How we made support more transparent for business with a service approach
Hello, Habre! My name is Dima, I manage the information technology department of the back office at Petrovych Tech. We develop IT solutions for Petrovych, a large federal retailer in the DIY and building products segment.
Over the past few years, the company has grown significantly (in sales – 10 times in 10 years, up to 119 billion rubles without VAT in 2022). Requirements for reliability and stability of IT – grew accordingly.
Probably, each of you has faced a situation when the IT service was unavailable at the wrong time. Not to go too far with examples: this happens even with common “virtually industry standard” boxed solutions like JIRA or Confluence.
When this happens, it’s tempting to think “what’s the big deal, just keep the server running”. For a business, almost any IT process can look roughly the same — a kind of black box that sometimes works and sometimes doesn’t.
We understand that there can be hundreds of factors, due to which everything does not go according to plan – both in the development and in the support of IT services. In order for the business to also understand this and build plans taking into account this knowledge, a certain general context, an agreement on the level of services is needed. If you agree on such things, everyone can win: business colleagues will have a better understanding of what is happening; IT people are more relaxed about the commitments they have made.
In this article, I will tell you how we agreed on the service level with the business and how we implement it in practice for the stage of operation, support and support (about similar things in development, for creating new functionality – next time).
I hope my story will be interesting for those who have faced the difficulties of scaling and improving processes at the interface of IT and the operational part of the company.
What exactly is the problem with opacity
I will often use the word “IT service” below to refer to any service that provides information technology to business units.
For example, 1C helps to process customer orders, an IT barrier management system helps to limit access to the warehouse – both of these will fall under the definition of IT service in the context of this article.
Now to the problem: the business cannot always assess whether we in IT are doing something well or badly. This is a fairly common situation for industry in general. If you look at the experience of colleagues from different companies, you can find that many do not always have enough metrics to help evaluate the quality of IT services. Moreover, in practice it happens that the quality is determined by the level of tension of the staff.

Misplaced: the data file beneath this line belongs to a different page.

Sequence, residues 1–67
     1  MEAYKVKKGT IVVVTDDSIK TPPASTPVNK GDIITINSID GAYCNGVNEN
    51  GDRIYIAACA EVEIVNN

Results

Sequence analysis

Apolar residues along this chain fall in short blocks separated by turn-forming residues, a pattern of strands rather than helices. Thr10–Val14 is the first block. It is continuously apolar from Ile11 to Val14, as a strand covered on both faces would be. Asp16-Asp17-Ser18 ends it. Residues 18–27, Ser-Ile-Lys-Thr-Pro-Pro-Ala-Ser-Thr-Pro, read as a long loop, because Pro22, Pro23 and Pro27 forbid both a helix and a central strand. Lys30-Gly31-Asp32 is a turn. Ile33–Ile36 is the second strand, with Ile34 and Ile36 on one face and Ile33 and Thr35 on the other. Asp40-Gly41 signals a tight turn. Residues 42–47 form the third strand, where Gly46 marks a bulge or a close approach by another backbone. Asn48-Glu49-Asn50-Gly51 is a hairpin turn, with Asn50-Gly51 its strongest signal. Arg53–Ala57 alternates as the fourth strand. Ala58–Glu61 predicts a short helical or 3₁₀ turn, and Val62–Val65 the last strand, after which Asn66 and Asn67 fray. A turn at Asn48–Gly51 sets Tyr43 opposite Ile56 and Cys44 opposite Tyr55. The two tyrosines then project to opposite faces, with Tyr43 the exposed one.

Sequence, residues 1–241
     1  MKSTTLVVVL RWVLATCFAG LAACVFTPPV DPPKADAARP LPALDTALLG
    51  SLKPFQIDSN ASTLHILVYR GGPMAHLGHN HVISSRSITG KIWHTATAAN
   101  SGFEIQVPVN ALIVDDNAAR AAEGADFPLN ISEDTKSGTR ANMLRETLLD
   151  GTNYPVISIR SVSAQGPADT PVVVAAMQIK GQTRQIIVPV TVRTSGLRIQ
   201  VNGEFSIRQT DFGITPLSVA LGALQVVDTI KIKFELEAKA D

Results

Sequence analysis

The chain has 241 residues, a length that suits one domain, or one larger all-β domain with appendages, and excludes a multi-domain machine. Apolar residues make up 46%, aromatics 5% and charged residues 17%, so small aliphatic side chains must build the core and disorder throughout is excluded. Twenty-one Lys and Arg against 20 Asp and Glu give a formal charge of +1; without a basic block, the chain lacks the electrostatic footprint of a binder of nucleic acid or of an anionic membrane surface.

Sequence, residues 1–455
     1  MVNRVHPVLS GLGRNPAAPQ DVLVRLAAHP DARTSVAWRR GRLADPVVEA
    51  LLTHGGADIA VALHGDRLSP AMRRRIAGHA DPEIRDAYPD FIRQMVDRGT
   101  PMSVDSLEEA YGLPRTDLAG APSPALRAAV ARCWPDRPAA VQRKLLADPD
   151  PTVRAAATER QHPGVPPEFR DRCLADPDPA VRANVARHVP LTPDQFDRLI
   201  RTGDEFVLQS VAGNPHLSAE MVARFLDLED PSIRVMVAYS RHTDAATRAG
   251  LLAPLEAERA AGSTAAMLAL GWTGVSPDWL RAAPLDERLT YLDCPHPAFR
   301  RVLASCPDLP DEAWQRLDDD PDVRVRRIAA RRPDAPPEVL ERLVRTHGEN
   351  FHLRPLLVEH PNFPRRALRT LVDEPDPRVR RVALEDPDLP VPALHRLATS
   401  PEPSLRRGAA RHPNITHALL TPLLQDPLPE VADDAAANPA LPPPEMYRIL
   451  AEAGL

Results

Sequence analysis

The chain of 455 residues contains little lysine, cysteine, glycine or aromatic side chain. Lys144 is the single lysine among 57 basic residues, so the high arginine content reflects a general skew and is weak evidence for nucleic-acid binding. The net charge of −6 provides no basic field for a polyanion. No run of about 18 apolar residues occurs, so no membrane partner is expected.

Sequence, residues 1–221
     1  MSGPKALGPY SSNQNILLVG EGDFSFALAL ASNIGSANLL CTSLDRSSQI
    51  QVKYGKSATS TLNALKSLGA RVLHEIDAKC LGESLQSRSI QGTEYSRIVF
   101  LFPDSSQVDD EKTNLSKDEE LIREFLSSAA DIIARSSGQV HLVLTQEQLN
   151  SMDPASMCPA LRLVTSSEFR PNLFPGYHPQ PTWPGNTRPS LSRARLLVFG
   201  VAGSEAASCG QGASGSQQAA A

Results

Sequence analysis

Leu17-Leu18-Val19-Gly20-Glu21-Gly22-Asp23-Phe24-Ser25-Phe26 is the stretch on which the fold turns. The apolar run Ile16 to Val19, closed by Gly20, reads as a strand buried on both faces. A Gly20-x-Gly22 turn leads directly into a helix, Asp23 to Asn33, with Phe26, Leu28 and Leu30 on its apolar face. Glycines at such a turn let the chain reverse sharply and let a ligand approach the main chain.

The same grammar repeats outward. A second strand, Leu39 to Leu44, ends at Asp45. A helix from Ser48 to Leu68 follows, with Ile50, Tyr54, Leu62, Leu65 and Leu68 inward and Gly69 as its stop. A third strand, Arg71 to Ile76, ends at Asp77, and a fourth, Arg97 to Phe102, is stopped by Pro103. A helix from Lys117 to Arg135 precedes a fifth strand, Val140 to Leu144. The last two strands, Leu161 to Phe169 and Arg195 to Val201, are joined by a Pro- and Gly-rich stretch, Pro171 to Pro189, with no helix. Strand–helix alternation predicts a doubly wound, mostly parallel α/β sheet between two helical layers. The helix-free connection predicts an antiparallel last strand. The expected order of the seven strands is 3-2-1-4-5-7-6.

The second problem is that IT does not know what the business wants. The company’s goals may be generally clear, but what exactly colleagues expect is far from always being recorded in an obvious way.
As a result, the business has inflated and unrealistic expectations (“our services must have 100% availability and not a minute of downtime!”), and IT colleagues live in a situation where impossible results are expected of them, they are constantly dissatisfied with them.
It would seem that everything is clear here, what is it all about? You just need to agree, get quality requirements from the business, and a realistic estimate from IT and the ability to meet these requirements. Conceptually – yes, but in reality – many non-obvious nuances arise. Let’s figure it out together.
So, at the start of the described story, we wanted to get such an agreement between business and IT, when processes are safe, customers are satisfied with the level of availability, and the IT team knows exactly what to do to ensure all this, and has all the necessary capabilities for this.
In the literature, this is called the “service level management process”. At the initial stage, you need to do two things – determine the target level and the actual level. And then you can compare the requirements and the current state of affairs; form a plan to achieve the desired indicators.
In our case, the scale of the company no longer allowed us to make such changes without prior preparation, so it was decided to start with a pilot project.
Our company has the concept of “building shopping center” (hereinafter simply STC) – this is the main business unit in retail. The Contact Center (CC) also plays a very important role in the company. We decided to pilot the project at one STC and CC.
The plan was as follows:
We carefully examine our IT services, which work with STC and CC. We fix the list of used, rank the importance for business.
Together with colleagues from the operational part of the company, we agree on the level of service — for example, the response time to an incident and the time to solve a problem.
In the process, we refine and implement control tools – for example, the balanced scorecard system (BSC), where you can monitor the dynamics and fulfillment of requirements.